Kenneth Turan and Marshall Fine's dismissal of Terrence Malick's The Tree of Life, despite almost everyone falling it for in Cannes and a very strong 85% Rotten Tomatoes approval rating, tells me it may not figure that strongly in the Best Picture race.
And so what, right? Malick has never made an "Academy film," and Life is probably, as Turan complains, too "opaque" for mainstreamers. It'll be their loss at the end of the day. History will not look kindly. "Meh" was the farthest thing from my mind as I watched the first 40 minutes' worth, and yet I knew, deep down, that the lack of a narrative through-line would be a stopper for more than a few.
"Look, I get it," Fine says. "Malick makes the movies he wants to make in the way he wants to make them. He communicates visually and through indirection (as opposed to misdirection). In doing so, he summons surprising emotion, given how ephemeral his actual story-telling is. But impatience does accrue - not so much a feeling of 'what's the point?' as 'get to the point.' The Tree of Life is a film that's too precious and wispy, too insubstantial in its artiness, to be satisfying in virtually any way."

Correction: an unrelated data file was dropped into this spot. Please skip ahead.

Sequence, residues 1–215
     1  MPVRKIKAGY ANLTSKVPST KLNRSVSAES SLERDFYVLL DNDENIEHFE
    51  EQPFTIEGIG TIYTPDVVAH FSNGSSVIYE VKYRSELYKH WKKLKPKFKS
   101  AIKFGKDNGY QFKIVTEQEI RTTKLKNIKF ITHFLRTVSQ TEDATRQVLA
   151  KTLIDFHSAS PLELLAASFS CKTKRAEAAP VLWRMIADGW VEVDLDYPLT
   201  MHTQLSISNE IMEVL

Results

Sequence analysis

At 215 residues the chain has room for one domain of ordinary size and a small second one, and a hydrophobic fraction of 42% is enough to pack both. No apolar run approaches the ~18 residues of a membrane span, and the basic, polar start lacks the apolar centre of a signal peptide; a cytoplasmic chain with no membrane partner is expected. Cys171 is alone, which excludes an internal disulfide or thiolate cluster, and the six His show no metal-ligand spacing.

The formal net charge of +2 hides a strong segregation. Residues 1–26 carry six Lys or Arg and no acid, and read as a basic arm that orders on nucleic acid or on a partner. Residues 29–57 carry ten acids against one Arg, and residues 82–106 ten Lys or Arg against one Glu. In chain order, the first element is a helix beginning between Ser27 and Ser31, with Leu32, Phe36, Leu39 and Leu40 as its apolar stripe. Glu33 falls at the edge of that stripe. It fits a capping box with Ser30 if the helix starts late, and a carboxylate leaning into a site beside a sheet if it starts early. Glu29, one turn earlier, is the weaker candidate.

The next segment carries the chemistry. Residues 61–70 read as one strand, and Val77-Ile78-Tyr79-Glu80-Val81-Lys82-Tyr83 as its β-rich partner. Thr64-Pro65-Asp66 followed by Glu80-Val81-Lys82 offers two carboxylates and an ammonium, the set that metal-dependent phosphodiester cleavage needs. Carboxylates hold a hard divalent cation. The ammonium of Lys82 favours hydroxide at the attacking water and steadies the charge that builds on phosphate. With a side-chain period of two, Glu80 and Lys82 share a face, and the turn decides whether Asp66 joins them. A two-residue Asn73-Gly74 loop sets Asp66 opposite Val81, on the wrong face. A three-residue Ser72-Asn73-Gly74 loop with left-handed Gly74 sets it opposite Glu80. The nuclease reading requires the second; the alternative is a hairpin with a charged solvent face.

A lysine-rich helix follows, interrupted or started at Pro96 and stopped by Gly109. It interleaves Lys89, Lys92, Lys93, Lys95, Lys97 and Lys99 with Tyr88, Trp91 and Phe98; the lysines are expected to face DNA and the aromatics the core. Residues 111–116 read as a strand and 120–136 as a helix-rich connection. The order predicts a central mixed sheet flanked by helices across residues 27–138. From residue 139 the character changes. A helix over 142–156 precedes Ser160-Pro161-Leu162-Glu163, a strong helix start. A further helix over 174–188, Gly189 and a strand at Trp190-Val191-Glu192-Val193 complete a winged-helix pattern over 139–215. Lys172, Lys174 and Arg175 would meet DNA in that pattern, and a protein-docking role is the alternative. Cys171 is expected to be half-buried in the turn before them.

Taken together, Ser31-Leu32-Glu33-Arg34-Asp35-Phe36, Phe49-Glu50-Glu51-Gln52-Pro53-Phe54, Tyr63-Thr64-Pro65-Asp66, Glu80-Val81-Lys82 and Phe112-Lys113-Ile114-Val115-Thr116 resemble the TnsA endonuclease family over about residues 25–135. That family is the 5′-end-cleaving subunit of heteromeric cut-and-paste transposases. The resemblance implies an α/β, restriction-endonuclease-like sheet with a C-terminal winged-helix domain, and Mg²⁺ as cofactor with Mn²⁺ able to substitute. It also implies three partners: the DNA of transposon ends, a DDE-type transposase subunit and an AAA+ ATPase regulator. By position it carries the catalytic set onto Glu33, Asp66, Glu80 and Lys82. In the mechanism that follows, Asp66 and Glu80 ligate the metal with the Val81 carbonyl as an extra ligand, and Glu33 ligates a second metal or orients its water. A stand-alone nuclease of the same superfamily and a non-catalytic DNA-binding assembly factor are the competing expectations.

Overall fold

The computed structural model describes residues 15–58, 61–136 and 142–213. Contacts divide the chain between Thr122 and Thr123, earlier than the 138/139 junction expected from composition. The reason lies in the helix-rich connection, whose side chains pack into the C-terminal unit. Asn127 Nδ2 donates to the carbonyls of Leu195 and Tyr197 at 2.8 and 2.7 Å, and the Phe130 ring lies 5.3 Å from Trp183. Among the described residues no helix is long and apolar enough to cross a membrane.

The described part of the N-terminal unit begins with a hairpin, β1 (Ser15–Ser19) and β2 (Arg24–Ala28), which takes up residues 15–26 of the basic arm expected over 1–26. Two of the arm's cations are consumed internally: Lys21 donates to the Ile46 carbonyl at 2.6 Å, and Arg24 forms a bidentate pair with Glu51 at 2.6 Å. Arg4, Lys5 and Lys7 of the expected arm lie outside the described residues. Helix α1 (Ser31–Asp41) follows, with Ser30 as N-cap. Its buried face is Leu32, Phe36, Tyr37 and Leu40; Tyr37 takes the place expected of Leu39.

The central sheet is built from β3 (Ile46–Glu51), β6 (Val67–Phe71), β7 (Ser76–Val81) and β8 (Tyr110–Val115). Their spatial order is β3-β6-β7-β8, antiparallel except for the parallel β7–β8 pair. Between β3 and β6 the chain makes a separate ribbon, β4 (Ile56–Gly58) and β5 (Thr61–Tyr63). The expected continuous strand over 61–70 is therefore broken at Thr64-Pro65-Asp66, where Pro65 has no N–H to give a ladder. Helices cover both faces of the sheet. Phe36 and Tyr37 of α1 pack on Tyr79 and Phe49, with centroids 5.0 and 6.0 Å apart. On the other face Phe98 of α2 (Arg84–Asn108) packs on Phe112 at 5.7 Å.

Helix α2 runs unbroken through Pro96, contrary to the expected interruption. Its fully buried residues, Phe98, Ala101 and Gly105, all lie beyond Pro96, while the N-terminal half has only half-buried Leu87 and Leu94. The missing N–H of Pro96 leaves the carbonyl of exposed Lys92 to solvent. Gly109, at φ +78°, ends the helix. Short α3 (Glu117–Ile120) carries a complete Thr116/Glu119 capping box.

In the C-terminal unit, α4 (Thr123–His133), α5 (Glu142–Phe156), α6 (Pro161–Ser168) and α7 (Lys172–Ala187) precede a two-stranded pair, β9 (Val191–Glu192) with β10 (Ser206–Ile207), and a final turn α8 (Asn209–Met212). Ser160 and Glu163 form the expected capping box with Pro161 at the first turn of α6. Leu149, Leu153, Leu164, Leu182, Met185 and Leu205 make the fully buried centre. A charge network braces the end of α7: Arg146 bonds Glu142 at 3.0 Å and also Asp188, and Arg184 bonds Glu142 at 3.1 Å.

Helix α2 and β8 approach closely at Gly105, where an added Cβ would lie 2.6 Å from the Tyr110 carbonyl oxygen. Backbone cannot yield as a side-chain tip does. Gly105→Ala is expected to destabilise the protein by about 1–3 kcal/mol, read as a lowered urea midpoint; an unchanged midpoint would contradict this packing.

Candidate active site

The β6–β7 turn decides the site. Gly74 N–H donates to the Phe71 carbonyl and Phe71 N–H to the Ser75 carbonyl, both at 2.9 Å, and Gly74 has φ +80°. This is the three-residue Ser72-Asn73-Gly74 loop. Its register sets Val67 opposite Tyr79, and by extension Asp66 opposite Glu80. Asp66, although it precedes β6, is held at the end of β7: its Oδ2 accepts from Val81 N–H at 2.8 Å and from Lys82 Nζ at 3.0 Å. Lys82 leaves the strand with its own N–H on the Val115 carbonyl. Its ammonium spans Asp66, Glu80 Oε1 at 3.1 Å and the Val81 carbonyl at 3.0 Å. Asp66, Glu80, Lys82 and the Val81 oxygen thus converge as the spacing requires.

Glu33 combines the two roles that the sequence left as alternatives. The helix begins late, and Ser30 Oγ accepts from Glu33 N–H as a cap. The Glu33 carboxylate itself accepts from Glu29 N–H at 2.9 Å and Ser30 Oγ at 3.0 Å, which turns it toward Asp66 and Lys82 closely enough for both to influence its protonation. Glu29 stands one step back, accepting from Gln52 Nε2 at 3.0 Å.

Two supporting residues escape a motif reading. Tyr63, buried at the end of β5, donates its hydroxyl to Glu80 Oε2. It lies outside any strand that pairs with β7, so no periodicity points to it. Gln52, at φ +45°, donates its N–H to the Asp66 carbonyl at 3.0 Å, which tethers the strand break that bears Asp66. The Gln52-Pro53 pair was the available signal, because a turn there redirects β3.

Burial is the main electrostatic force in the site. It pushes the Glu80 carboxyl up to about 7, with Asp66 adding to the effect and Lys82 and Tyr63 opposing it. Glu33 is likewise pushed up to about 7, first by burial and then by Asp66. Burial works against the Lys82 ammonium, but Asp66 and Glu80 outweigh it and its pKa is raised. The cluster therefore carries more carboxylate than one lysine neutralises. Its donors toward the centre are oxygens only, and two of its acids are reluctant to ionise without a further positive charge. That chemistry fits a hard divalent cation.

I was more on the fence in my initial Cannes review. Life "does lose itself in its own impressionistic quicksand after the first half-hour," I wrote. "It begins to drown, sink, swallow itself. The center cannot hold. But it's entirely worth seeing (and praising) for the portions that clearly and unmistakably deliver. I'm especially referring to what people will soon be calling the 2001/Douglas Trumbull section. Who in the big-budget realm is even trying to make pure art films like this except Malick?"